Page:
She couldn't discern an injury -- I wasn't crying -- and the house didn't smell of smoke, so she told me, "I'm too busy right now."


I tell you, my li'l ego rebelled! I was insulted. I was indignant. I was mortified.

I was deeply hurt. Deeply hurt. I remember the moment to this very day when Mom calmly informed me, via this outrageous statement, that I WAS NOT THE CENTER OF THE KNOWN UNIVERSE!

It was a rude awakening, let me tell you. But it was time, and it was a lesson I needed to learn. Some people, it seems, never do learn it. I've met a few and seen a number of them on TV and they're all pretty unbearable.

So, thanks, too, Mom, for that. Even though it hurt. More than a little. Ouch!

Truth to tell, from the moment Mom became a mom, her family was her universe. That's why she was so busy at her desk, ferrying us around, being there to swat us when we ventured beyond the limits of safety or decency.

Mary Jane Cooper was also a great mom. She took restless neighborhood kids and marshalled them into a fine little baseball team, and chaperoned us whenever we swam off her dock in Spanaway Lake. I'm sure that gave Mom a break she sorely needed. It truly does take a village to raise a child...

I watched (and helped sometimes) my sister raise her only son into a fine young man with good values, who shunned peer pressure as a matter of course and found a wife who is the apple of everyone's eye. Jackie was a great mom -- even though she has regrets because she wasn't a "perfect" mom. (Good gracious -- has there ever been a perfect mom?) She was as perfect for Phil as our mom was for us -- I can tell by the results! Perfect enough to grow a child (children) that more often than not make their parents proud!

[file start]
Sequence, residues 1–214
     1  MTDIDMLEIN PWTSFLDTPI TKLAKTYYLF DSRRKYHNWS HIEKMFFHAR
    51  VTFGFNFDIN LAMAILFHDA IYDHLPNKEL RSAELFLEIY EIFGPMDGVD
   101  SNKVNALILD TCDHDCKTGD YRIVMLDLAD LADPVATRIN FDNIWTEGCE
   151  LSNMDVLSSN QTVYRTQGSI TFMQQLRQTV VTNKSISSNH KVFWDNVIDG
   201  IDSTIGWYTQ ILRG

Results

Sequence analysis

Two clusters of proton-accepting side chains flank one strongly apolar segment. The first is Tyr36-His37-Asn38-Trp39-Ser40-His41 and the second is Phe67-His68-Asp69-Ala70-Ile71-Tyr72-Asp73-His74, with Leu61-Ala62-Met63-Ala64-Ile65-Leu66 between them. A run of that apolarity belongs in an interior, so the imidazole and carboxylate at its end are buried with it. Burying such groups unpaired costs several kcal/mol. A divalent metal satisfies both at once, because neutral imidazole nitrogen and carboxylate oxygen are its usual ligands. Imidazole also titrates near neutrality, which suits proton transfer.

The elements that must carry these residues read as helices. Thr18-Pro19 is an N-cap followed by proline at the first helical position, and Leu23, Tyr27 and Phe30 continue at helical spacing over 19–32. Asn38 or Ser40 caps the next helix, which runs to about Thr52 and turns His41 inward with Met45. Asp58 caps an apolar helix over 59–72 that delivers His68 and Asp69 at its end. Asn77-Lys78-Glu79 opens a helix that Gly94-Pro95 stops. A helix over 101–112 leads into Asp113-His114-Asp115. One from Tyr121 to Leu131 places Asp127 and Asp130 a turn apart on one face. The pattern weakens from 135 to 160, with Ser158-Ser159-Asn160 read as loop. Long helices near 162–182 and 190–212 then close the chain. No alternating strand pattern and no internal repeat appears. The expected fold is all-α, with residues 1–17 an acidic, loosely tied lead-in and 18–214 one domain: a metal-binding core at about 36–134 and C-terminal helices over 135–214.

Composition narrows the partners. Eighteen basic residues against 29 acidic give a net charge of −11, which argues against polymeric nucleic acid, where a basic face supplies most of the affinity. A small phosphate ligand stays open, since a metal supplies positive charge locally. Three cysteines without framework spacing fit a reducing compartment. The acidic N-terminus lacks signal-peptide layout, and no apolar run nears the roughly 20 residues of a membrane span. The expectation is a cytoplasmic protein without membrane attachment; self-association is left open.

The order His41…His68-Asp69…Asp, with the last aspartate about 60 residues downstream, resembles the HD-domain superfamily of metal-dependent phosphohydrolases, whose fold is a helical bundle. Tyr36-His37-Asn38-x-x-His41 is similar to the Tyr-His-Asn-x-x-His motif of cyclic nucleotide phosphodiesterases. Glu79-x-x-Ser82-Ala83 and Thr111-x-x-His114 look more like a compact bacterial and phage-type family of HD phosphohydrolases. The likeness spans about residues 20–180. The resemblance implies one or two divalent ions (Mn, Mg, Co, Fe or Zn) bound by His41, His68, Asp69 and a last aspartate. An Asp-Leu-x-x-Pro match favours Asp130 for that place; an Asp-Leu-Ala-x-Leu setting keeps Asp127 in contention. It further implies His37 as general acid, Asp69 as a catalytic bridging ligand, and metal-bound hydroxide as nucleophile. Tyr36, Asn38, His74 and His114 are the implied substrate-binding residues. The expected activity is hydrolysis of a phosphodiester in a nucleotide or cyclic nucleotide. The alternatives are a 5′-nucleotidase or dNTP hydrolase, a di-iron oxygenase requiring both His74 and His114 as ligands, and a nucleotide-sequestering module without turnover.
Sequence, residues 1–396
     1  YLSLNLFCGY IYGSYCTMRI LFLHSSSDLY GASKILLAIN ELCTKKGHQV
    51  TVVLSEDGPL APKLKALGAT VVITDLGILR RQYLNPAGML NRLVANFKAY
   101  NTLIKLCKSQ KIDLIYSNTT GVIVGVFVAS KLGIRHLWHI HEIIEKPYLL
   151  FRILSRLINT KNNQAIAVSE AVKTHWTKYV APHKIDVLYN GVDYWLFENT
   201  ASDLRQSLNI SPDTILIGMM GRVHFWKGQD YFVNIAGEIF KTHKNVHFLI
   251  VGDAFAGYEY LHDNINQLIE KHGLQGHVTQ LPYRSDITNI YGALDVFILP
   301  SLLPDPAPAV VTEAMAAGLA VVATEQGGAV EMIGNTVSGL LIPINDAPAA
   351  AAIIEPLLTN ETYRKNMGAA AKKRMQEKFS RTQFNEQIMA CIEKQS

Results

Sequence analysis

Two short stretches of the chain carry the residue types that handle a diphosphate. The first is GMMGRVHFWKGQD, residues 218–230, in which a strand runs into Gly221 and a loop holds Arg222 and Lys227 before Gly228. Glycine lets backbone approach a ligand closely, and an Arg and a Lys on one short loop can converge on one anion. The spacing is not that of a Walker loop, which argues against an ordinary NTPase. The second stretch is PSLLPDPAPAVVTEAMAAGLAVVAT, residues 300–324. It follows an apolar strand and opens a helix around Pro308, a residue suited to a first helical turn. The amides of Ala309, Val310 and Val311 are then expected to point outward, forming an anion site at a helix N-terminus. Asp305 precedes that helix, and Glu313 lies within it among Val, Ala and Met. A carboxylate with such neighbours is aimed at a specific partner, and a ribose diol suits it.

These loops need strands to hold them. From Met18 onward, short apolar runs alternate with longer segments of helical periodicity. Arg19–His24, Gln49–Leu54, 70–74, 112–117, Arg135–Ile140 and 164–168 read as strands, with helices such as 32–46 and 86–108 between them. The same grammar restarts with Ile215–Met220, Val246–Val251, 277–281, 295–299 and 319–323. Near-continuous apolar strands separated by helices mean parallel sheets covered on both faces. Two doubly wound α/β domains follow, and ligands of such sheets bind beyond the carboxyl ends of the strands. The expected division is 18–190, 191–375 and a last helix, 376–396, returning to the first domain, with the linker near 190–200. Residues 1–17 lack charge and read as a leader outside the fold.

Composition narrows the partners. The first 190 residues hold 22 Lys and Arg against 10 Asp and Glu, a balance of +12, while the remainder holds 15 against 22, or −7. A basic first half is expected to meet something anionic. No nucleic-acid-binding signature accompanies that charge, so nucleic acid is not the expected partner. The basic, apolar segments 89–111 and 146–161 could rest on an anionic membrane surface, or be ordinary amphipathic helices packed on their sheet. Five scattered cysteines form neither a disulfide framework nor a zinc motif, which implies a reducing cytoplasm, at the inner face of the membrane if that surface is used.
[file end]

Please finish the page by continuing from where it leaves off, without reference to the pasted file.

I watch Wendy and Phil (Phil is Jackie's son) care for their two daughters with dedicated patience and grace and know the apple will not fall far from their tree, either...

Dawn's kids, Lizzie and Isabella, are growing into fine young people even as Dawn struggles as a single parent (as did Jackie) to keep their world as stable and as filled with love and nourishment as possible. In addition to holding down a job and the fort, she's getting the kids to school, to soccer, baseball, basketball, swimming and track, birthday parties, skiing, you name it (with the help of "the Foxley Village" during the hours she has to work, same as Jackie relied on the "Smith/McNiven Village as a single parent).

I watch these current parents doing their thing as parents and as creators of the next generation of thinking, caring people and I realize, with greater impact than ever, what it took for my Mom to do all of that for us -- long before cell phones and TV/DVD's in the SUV...

I remember a particular trip to Disneyland (1200 miles distant) where the endless, echoing refrain (every thirty miles of so) was, "Are we there yet?" For 1200 miles. Nowadays the kids can watch ten videos instead of playing "Slug Bug" and "I Spy," which they still do sometimes -- to the dismay of the drivers. Those games are important, too -- but not 1200 miles at a stretch.

I'm amazed the three of us Smith kids weren't drowned in the Adventureland Lagoon or thrown off the Matterhorn when we "finally" arrived at Disneyland.

It would have made Mom's and Dad's return trip a whole lot easier on their nerves and ears, for sure!!!

Gawd Awmighty!

Parents are unlike any other category on earth.

I stand utterly amazed...